Dragonflies can fly in any direction, including sideways and backward, and can hover in a single spot for a minute or more. This amazing ability is one factor in their success as aerial ambush predators. Some species reaching a top speed of 18 miles per hour. And they have terrific endurance. One species called the globe skimmer, Pantala flavescens, flies across an ocean during migration, logging 11,000 miles, the world's longest insect migration.

From the DPMP website: "...dispensers are required by law to collect and submit information to the PDMP about each dispensing of a controlled substance prescription drug within 72 hours. The PDMP stores the information in a secure database and makes it available to healthcare professionals and others as authorized by law." Opiate histories are now on-line...and accessible to a large number of health care people.
“Shortly after his death, [Elizabeth Reid Cotton], Lady Hope addressed a gathering of young men and women at the educational establishment founded by the evangelist Dwight Lyman Moody at Northfield, Massachusetts. She had, she maintained, visited Darwin on his deathbed. He had been reading the Epistle to the Hebrews, had asked for the local Sunday school to sing in a summerhouse on the grounds, and had confessed: ‘How I wish I had not expressed my theory of evolution as I have done.’ He went on, she said, to say that he would like her to gather a congregation since he ‘would like to speak to them of Christ Jesus and His salvation, being in a state where he was eagerly savouring the heavenly anticipation of bliss.’
“With Moody's encouragement, Lady Hope's story was printed in the Boston Watchman Examiner."---from Ronald W. Clark's book on Darwin
Darwin's family dismissed the notion--and that she was even there.
This is a wonderfully kind--and realistic--assessment from of all people the "Evangelical Times" in 2012, in a book review of Darwin and Lady Hope: The Untold Story by L.R. Croft :  "Ultimately, it seems that Croft’s argument comes down to his own personal incredulity that an evangelical Christian would lie. In this cynical age where prominent Christian leaders are regularly caught in the grossest of sins, how I wish that we could take the word of a Christian simply because she is a Christian. In this case, however, given the lack of independent corroboration of Darwin’s supposed conversion, I feel quite justified in doubting Lady Hope’s claim. Since we know no more of Lady Hope’s state of mind than we do Darwin’s, I would not assert that she lied. Perhaps she simply misunderstood some kind and polite statements made by Darwin? I do not know. I only know that there remains no reason, despite Croft’s book, to believe Lady Hope’s account."

T. S. Eliot’s definition of a heretic is “a person who seizes upon a truth and pushes it to the point at which it becomes a falsehood.” It sounds like a definition of a modern political enthusiast. It is hard to understand how anyone can vote with any eagerness for anyone. We are apparently electing the worst presidential candidate in the nation's history, regardless of the results.
Vituperative adjective: Criticizing bitterly, scathing, abusive. ety: From Latin vituperare (to blame), from vitium (fault) + parare (to make or prepare). Earliest documented use: 1727.  usage: “Korean Internet users are capable of being equally vituperative, particularly over the disputed island of Tokto.” Richard Lloyd; McDonald’s Serves Up Asian Bowing Row; The Times (London, UK); Apr 14, 2016.
Artificial Intelligence update:
‘’It may be a hundred years before a computer beats humans at Go — maybe even longer.” — New York Times, 1997
“Master of Go Board Game Is Walloped by Google Computer Program” — New York Times, 2016
There are all sorts of sites and projects in the world now. This from a group called, believe it or not, "The Institute for the Study of War:"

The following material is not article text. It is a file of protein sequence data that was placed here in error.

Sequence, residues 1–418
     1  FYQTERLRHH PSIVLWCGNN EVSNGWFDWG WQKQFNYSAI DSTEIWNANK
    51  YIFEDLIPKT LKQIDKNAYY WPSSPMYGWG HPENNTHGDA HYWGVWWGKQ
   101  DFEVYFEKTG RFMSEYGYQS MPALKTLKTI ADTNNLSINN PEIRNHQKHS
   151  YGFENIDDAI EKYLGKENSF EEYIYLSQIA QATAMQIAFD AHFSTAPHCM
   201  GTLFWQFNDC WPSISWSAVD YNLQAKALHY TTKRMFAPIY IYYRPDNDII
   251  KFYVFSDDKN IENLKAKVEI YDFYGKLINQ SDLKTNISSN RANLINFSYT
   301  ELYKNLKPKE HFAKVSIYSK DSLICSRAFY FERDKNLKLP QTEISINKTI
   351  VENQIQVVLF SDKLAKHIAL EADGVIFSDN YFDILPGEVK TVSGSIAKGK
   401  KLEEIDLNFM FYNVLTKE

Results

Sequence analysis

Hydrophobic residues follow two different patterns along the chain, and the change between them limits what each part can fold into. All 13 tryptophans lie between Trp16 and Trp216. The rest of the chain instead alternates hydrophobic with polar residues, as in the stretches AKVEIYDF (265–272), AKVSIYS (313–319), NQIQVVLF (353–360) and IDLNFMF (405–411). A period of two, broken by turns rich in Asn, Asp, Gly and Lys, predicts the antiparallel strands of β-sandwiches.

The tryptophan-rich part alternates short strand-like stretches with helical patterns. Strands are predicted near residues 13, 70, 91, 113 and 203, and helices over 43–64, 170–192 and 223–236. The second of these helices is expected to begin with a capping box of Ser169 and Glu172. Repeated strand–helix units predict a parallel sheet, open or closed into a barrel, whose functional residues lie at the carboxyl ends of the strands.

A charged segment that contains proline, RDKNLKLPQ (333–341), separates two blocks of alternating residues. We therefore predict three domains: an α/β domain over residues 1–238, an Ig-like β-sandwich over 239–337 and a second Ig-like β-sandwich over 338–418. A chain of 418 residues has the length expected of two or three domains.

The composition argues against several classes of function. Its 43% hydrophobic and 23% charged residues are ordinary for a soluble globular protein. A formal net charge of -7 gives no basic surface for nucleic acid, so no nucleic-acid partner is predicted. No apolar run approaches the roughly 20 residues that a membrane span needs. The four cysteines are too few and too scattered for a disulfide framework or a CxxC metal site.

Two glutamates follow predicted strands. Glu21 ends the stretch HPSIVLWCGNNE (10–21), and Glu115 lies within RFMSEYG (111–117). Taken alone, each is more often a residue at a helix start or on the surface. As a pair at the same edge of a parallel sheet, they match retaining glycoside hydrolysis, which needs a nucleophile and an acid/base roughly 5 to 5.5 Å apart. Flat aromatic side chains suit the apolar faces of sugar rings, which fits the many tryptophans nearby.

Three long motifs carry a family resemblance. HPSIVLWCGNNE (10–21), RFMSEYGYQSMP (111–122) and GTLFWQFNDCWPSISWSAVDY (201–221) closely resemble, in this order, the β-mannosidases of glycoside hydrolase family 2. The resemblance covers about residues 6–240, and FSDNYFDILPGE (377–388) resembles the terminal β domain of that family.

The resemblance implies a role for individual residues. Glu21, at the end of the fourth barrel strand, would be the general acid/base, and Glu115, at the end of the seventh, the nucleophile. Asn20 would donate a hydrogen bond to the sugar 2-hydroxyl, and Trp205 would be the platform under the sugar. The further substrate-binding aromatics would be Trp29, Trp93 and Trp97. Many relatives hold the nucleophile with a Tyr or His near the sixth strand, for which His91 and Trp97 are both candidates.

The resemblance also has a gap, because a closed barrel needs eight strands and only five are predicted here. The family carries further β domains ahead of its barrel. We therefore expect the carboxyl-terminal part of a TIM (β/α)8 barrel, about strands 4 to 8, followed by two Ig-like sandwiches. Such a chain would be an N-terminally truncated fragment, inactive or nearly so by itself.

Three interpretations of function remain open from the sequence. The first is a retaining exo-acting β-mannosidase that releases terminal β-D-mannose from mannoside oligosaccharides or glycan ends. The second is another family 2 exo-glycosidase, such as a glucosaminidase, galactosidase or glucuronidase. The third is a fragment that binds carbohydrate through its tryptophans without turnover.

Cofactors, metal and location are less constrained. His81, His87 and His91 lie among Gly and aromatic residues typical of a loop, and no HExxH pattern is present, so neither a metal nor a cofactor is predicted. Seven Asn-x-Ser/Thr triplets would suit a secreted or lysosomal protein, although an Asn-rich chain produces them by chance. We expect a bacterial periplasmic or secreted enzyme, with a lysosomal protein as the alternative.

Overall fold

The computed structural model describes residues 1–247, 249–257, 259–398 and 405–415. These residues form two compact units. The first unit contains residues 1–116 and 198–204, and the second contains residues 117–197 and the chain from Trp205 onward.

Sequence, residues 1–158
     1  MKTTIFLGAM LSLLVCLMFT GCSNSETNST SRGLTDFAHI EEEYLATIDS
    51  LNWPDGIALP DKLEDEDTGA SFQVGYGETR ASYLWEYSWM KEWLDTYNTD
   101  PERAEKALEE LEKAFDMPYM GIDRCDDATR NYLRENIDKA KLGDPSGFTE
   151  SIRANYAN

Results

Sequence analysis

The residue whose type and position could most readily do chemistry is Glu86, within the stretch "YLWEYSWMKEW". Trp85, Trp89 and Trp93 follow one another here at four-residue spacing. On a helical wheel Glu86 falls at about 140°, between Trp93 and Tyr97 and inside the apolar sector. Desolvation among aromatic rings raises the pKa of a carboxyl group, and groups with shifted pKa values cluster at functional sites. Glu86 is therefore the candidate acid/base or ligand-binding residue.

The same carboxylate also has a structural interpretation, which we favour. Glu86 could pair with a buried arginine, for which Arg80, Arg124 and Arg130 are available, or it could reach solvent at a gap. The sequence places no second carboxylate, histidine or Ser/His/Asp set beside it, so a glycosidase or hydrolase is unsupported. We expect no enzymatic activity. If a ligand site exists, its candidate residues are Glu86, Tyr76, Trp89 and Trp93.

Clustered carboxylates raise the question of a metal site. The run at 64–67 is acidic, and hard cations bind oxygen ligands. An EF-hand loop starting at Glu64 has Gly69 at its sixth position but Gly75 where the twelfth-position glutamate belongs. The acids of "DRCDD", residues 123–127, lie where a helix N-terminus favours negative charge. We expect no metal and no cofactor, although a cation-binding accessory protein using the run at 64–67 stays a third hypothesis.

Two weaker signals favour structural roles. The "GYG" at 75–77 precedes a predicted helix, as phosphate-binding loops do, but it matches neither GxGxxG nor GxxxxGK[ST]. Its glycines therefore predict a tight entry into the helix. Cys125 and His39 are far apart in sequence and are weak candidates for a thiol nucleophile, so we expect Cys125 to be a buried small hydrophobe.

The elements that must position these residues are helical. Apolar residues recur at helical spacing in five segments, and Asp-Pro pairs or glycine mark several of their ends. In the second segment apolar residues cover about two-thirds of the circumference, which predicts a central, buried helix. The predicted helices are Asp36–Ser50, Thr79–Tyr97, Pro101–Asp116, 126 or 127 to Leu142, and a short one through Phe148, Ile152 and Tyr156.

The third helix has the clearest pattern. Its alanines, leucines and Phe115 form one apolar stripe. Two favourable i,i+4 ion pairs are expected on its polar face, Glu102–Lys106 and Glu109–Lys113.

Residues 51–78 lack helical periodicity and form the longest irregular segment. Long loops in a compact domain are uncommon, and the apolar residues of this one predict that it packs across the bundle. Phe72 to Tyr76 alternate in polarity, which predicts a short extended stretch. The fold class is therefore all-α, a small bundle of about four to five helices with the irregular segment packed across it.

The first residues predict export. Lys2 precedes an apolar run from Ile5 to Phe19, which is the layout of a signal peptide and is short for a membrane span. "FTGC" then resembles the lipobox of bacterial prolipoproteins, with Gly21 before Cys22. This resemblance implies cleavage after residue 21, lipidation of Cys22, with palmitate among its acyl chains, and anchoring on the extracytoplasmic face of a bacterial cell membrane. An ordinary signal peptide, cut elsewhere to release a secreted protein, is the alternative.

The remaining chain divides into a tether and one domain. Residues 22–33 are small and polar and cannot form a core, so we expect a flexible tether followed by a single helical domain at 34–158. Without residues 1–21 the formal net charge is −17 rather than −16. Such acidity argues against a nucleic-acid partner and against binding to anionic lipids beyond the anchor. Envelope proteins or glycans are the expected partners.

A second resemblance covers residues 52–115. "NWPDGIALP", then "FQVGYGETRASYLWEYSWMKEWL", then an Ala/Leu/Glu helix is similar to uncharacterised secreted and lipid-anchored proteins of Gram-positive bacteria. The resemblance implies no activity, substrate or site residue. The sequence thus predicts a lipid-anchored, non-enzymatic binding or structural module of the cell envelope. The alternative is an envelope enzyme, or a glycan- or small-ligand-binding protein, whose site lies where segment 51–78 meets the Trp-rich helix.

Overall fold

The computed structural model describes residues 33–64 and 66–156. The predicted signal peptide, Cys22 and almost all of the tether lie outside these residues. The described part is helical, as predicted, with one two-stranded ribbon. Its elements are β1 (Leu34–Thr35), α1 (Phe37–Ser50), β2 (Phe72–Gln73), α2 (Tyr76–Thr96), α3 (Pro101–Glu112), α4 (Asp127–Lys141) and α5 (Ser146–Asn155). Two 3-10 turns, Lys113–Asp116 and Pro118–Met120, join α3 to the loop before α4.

Russia has altered the security balance in the Black Sea, Eastern Mediterranean and Middle East by establishing large anti-access/area-denial (A2AD) exclusion zones. Russia’s power projection in these regions has been further extended by the deployment of the S-400 air defense system to Crimea in August 2016 and to Syria in November 2015. Advanced air defense systems create A2AD “bubbles” that prevent Russia’s opponents from establishing air supremacy in strategically significant theaters. The Baltic States, much of Ukraine and the Black Sea, northern Poland, Syria and parts of Turkey fall under Russian A2AD bubbles created by S-300 and S-400 air defense systems. Russia operates advanced air defense not only within its own territory, but from sites in Syria and occupied Crimea, as well as cooperatively through the Joint Air Defense Network in Belarus and Armenia. Russia can use these systems to impede the ability of the U.S. to defend its NATO allies by disrupting the ability of US air forces to access conflict zones in the event of a crisis.
Libertarians like to stress that they are pro-market and not pro-business. Business people, being self-interested like anybody else, will attempt to make the most of the circumstances and the majority of them won't hesitate in accepting legal privilege; indeed many lobby aggressively for it.
From Henderson:  Democratic presidential candidate Hillary Clinton calls for "up to 12 weeks of paid family leave and medical leave" for an employee to "care for a new child or a seriously-ill family member." She claimed, in her acceptance speech for the Democratic presidential nomination, that this would benefit women with children. The good news is that she's right. The bad news, according to widely-accepted economic analysis and past evidence, is that the main people who would pay for this benefit would be women of child-bearing age. Think of how employers would react to such a mandate. They would realize that the main people who would take advantage of paid parental leave would be women of child-bearing age. This makes those women less valuable to them as employees. So their demand--the amount they are willing to pay--for women in that category would fall. Women in that category, on the other hand, would be willing to work for less because the benefit is valuable. In economists' jargon, in short, both the demand curve and the supply curve would fall. The wages of those women, therefore, would fall.
AAAAAAAaaaaaaaannnnnnddddddddd........a pie chart: